Hondurans to elect new president after June coup
Hondurans vote for a new president Sunday in the latest chapter of a months-long political standoff triggered by a coup that has divided the United States from Latin American powers Brazil and Argentina, Reuters reported.
Neither President Manuel Zelaya nor arch-rival Roberto Micheletti, installed as interim president by Congress after Zelaya's overthrow in June, is in the race.
That leaves the door open for someone else to take Honduras beyond the gridlock that has crippled the Central American nation for five months and cut off international aid.
But doubts remain over whether the world will recognize the vote because it is being run by the coup leaders and could end any hope of Zelaya returning to power.
Zelaya, camped out in the Brazilian Embassy since September when he snuck back to Honduras from exile, says the vote is illegitimate and is telling supporters to stay home.
Soldiers grabbed the leftist from his home before dawn on June 28 and threw him out of the country, starting Central America's biggest political crisis since the end of the Cold War.
The U.S. State Department says Sunday's election is "a democratic way forward for the Honduran people" after talks to find a negotiated solution collapsed over the question of reinstating Zelaya.
The U.S. position splits President Barack Obama from some Latin American leaders who say an election organized by Micheletti's de facto government is invalid and would amount to a victory for the coup leaders.
Obama wants to improve ties with the region -- still haunted by memories of U.S.-backed military governments in the late 20th century -- but risks isolating himself from Brazil and Argentina, which reject the election.
The two leading presidential candidates hail from Honduras' ruling elite and have tried to avoid talking about the crisis, trying to convince Hondurans that the elections will let the country move on.
"We have to leave the differences and conflicts that divide us behind," front-runner Porfirio "Pepe" Lobo from the conservative opposition National Party said Saturday.
Lobo says that if he wins, he will plead with foreign leaders to restore funding and seek a new agreement with the International Monetary Fund, after foreign donors slashed aid to impoverished Honduras after the coup.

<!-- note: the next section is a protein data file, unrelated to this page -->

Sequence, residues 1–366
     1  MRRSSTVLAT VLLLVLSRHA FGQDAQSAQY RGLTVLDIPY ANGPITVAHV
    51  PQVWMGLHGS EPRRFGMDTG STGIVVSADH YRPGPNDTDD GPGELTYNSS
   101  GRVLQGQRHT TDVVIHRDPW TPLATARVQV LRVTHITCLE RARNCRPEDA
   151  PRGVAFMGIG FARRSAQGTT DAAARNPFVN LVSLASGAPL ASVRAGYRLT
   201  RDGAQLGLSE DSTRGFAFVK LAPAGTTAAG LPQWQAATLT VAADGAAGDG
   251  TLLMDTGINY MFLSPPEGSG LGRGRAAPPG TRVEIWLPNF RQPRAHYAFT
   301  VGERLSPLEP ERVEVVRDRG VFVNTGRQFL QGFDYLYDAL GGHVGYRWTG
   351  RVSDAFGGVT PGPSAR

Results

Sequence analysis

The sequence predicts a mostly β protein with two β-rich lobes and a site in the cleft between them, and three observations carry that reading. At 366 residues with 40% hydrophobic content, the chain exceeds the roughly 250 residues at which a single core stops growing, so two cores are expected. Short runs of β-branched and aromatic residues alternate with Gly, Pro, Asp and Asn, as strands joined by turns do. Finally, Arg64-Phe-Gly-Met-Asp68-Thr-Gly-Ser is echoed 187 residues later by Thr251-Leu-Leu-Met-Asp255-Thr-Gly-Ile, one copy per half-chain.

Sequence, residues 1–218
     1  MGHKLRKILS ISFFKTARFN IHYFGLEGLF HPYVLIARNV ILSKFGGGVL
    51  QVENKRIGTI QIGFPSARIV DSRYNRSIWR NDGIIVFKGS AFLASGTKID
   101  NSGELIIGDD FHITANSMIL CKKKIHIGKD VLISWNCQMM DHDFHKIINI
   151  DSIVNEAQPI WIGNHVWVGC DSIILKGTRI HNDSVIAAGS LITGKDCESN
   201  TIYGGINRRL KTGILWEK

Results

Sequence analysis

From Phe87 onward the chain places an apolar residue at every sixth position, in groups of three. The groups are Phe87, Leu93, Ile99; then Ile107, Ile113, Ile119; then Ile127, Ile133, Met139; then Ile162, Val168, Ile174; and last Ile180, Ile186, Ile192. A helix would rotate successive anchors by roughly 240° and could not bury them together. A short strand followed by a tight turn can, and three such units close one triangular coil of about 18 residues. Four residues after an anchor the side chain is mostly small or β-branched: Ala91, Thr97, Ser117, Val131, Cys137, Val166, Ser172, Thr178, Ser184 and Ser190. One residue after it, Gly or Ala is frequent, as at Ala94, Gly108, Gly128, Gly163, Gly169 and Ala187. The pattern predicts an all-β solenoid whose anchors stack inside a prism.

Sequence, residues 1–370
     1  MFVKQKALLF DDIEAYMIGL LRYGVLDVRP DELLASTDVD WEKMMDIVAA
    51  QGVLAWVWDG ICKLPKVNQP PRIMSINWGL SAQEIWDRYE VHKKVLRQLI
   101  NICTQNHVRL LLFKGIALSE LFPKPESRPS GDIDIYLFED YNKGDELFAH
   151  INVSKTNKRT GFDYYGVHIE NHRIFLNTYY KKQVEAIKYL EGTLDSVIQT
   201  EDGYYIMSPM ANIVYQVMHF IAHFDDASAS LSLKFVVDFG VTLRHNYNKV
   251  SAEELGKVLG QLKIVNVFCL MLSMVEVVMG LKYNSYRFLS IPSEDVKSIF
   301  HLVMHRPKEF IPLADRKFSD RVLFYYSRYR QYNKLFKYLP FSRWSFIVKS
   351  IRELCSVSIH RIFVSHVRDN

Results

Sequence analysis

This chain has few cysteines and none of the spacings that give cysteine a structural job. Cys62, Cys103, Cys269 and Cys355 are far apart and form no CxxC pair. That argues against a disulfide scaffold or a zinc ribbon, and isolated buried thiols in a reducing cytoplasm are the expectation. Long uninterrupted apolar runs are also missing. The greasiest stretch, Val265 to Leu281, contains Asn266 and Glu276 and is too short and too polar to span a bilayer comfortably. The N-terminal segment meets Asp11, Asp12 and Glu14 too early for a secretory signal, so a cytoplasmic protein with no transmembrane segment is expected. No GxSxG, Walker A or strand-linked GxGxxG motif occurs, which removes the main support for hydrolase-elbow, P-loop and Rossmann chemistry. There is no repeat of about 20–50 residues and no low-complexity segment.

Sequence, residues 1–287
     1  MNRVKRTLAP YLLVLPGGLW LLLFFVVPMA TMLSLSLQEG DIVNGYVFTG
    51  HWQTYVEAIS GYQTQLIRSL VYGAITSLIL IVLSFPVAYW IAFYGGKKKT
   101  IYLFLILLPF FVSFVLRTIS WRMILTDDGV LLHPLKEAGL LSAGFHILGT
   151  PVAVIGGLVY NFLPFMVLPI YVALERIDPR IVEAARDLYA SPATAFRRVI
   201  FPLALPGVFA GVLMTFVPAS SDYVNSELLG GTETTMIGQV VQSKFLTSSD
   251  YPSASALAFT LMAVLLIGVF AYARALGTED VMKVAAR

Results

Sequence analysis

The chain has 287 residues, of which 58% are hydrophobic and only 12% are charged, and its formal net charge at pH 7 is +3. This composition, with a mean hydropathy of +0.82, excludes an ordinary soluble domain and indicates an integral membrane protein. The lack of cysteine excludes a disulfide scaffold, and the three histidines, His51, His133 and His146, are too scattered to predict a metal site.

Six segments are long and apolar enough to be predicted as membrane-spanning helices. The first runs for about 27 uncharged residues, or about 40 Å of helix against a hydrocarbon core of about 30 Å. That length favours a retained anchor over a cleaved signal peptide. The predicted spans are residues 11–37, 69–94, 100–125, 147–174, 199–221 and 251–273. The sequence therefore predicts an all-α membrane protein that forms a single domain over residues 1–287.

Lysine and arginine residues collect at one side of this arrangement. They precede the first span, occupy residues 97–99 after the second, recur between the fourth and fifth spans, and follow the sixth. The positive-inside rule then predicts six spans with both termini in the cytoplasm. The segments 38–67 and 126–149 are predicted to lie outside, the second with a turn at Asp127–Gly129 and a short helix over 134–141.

In an October poll by CID-Gallup, Lobo was 16 points ahead of his closest rival, Elvin Santos from Zelaya's and Micheletti's Liberal Party.
Security forces have cracked down repeatedly on anti-coup protesters, causing several deaths, and some observers say a fair vote is impossible after Micheletti temporarily shut down pro-Zelaya news channels.
The Organization of American States and the United Nations refused to send observer missions to the election, set before Zelaya's overthrow.
A series of small home-made explosive devices went off at voting centers and news stations in recent days, but there have been no major injuries. Even so, some Hondurans say they are afraid to vote.
"It will be dangerous to go out, I am going to stay in my house," said Juan Villanueva, 50, an orange vendor who lives in a wood shack in one of Tegucigalpa's sprawling slums.
Soldiers shot and seriously wounded a man in a car outside military headquarters in the capital Friday night. Police said the man failed to stop at a checkpoint.
Major television channels and radio stations, controlled by a clutch of wealthy businessmen who back the coup, are rallying the public with upbeat commercials and commentaries about how the vote can save the country.
The more than 5,000 polling stations, including six in the United States for the some 1 million Hondurans immigrants, open at 7 a.m. (8 a.m. EST).
Analysts say a nod from the United States could lead to a trickle of recognition from other countries. Costa Rica, which welcomed exiled Zelaya the day of the coup, and Peru said they were ready to accept the results. Conservative Panama and Colombia are likely to follow suit.
Zelaya angered business leaders and members of his own party by moving closer to Venezuela's socialist president, Hugo Chavez.
The army removed him at gunpoint after the Supreme Court and Congress accused him of trying to change the constitution to keep himself in power, a charge he denies.
Nicaragua, run by Chavez's close ally, President Daniel Ortega, who strongly backs Zelaya, temporarily closed its border with Honduras Saturday.